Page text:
Mongol People of the Middle Ages


Intelligent, Unruly, Superstitious, Prejudice.. The Medieval Mongol people prospered and endured harsh environments, in-spite of many traits considered to be uncivilized.

The typical Mongol lifestyle centered upon the life of a war-like nomadic herdsman. Their herds consisted of cattle, horse, sheep, camels, and goats, which they roamed the steppe with, always in search of new grazing lands. Finding a particular tribe would have been guess work, as the Mongols roamed freely and moved frequently about the steppe region. A preoccupation with basic survival, within a harsh environment consisting of blistering summers and bone chilling winters, created a people who had become experts with survival techniques; techniques that would be considered cruel by today’s standards. They were quick on their feet enabling them to handle the difficult aspects of their location and lifestyle. They displayed a thirst for knowledge and had insatiable curiosity. Before the onset of the winter season, the Mongols with their herds and possessions would relocate south to warmer grazing areas. When the snow melted, they would return to the north to flee the heat.

The Mongols were totally dependent upon their herds. The animals were their most valuable possessions. These animals provided the main foods for consumption such as meat and milk. Wild animals were also a large part of the Mongol diet. Animals hunted for food ranged from deer, wolf, fox, and mountain sheep. Horse intestines were turned into sausage and eaten fresh. The Mongol herds also provided hides for clothing, quivers for arrows, and hides for armor. Bone was used to create tools and weapons. The sheep and goats provided wool for clothing and felt. The Mongol horse was strong and stocky with a thick coat for winter and capable of long journeys without rest.

The physical appearance of a Mongol was seemingly comical. They were short, with heavy stout bodies, and bowlegs from horse riding. Long, pierced ears along with prominent check bones complimented large, round heads. Skin was tanned by harsh weather. The most desirable Mongol women were a little thick in the mid -section and had small noses. Beauty was important for these women and many would cut off all or part of the nose to seem more attractive. Black was a prominent color of ‘make-up’ for the Mongol woman. She would also use loud colors. Genuinely virtuous in regards to promiscuity, Mongol women did use strong language in a good natured manner. Strong cultures breed strong women as the Mongol woman would only give birth crouching or standing, probably swearing. As in many cultures, a Mongol man could have more than one wife. The husband and father held most of the power within the family, but the wife’s or mother’s family was shown a large amount of reverence.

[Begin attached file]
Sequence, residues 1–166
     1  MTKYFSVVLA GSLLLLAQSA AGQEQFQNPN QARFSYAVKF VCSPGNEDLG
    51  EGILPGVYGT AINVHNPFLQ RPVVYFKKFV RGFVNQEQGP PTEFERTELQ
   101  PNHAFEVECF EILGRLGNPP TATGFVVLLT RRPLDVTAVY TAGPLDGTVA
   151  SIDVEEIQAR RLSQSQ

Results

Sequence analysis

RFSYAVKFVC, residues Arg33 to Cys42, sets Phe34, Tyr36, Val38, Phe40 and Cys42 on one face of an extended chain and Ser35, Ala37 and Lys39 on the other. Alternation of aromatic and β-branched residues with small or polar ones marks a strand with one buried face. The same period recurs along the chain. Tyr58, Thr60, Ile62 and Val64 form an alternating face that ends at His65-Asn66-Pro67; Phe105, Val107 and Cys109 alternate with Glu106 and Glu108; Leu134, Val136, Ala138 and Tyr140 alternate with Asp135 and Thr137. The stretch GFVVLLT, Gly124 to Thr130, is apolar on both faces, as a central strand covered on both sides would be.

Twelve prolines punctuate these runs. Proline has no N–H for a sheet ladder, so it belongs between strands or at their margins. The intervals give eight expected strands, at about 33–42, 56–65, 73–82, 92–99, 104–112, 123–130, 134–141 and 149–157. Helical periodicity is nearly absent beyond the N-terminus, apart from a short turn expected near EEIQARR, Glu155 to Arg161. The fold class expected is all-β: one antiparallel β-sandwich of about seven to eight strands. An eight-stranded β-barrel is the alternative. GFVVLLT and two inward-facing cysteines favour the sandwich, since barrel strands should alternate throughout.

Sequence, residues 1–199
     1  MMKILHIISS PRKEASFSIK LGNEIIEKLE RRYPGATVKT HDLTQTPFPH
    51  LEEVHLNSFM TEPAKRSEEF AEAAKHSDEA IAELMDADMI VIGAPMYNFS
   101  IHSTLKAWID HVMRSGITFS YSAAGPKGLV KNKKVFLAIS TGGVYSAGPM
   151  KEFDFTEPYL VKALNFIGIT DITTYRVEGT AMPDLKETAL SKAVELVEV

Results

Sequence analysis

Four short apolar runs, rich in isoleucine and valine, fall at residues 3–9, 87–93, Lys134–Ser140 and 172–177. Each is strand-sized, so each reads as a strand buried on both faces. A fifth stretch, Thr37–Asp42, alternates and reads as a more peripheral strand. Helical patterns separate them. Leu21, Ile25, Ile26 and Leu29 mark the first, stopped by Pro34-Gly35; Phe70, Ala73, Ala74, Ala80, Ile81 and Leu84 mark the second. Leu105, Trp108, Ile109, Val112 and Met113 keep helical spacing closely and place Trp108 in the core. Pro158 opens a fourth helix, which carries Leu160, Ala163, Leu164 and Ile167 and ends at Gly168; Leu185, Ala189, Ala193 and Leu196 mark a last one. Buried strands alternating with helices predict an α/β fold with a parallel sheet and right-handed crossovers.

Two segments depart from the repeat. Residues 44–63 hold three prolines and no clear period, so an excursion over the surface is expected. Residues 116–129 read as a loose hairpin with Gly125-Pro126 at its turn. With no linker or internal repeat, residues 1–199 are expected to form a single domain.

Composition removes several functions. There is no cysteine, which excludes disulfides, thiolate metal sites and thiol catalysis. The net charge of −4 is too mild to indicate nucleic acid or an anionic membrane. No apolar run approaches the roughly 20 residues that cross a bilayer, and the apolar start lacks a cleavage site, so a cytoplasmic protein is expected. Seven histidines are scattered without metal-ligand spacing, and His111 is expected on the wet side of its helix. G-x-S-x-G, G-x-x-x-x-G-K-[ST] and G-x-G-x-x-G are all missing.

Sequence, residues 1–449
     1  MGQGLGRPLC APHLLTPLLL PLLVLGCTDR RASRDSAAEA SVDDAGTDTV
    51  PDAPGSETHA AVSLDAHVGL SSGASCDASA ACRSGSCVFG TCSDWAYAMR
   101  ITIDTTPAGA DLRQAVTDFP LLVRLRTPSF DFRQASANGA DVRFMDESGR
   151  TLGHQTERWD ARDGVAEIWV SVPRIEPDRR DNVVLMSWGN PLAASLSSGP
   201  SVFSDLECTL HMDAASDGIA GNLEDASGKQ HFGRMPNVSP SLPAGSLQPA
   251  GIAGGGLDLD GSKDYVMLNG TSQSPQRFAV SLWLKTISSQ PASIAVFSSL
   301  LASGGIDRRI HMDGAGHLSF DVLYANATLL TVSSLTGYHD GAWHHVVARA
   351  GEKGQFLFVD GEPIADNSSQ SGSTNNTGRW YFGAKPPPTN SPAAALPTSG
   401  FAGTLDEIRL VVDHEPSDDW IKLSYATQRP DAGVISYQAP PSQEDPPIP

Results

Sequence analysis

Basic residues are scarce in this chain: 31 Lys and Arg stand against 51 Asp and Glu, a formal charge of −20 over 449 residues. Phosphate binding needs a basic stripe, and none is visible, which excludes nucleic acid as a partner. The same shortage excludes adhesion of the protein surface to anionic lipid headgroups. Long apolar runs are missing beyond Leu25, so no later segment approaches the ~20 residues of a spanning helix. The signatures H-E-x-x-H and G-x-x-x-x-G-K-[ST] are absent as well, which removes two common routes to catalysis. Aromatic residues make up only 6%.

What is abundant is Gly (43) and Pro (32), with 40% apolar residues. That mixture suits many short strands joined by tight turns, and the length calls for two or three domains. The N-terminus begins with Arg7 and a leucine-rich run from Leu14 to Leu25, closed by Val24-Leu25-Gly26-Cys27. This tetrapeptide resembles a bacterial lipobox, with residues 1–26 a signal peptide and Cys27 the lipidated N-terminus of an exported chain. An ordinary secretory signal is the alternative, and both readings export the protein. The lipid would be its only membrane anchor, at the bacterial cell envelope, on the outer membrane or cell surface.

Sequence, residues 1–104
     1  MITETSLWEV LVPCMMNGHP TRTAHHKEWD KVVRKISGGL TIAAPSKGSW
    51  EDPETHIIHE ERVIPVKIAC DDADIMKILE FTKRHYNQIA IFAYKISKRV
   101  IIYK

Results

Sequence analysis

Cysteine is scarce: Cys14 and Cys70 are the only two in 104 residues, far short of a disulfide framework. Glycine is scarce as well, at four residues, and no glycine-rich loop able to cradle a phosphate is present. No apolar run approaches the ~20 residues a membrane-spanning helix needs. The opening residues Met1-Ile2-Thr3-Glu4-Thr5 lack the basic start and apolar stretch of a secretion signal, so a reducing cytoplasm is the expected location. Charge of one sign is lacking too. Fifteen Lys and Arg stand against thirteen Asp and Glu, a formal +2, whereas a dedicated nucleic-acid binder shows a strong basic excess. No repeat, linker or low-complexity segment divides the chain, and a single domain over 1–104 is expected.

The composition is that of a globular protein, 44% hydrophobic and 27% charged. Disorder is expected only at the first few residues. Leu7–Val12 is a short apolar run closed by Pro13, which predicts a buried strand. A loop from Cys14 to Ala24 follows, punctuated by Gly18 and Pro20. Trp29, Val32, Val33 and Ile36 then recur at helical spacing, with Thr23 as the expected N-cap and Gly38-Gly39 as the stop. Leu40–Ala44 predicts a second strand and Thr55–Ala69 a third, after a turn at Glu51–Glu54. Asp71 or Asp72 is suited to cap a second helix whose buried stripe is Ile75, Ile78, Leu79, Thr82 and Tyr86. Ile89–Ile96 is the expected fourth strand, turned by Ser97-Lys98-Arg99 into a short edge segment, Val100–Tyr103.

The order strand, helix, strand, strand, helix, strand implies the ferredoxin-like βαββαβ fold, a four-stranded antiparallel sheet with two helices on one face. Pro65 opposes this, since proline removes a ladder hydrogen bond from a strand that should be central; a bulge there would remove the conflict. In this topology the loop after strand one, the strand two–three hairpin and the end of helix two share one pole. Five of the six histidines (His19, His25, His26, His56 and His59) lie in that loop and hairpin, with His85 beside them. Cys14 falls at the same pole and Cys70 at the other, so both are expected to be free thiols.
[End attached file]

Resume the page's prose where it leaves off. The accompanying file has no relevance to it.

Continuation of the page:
The religion of the Mongols was similar in concept to that of the Native Americans. Nature, both an admiration and fear of, held the center of the religious beliefs. The number of Mongol gods was infinite. They worshipped fire as a cleansing element and would not pass a knife through the flames for fear of beheading the flames and taking away the power fire projected. They had a fear of lightning and if anyone was killed by lightning all the possessions of the dead person were considered unclean and no one would dare touch them.

The Mongols were prejudice and looked down upon any non-Mongol. They displayed little patience or honesty with foreigners and were disrespectful to visiting dignitaries. Heavy drinking was a common, acceptable practice. Greed was a strong element in a Mongol life.

The Mongols were divided into clans, called omuk. Those were divided into sub-clans, called yasun. Clans would often merge into tribes or small nations, called ulus. This structure of Mongol life would see constant change over the years as tribes and sub-clans would be formed and reformed. Clan administration would be instrumental in the development of Mongol law. The Mongol people were respectful of their laws and leaders.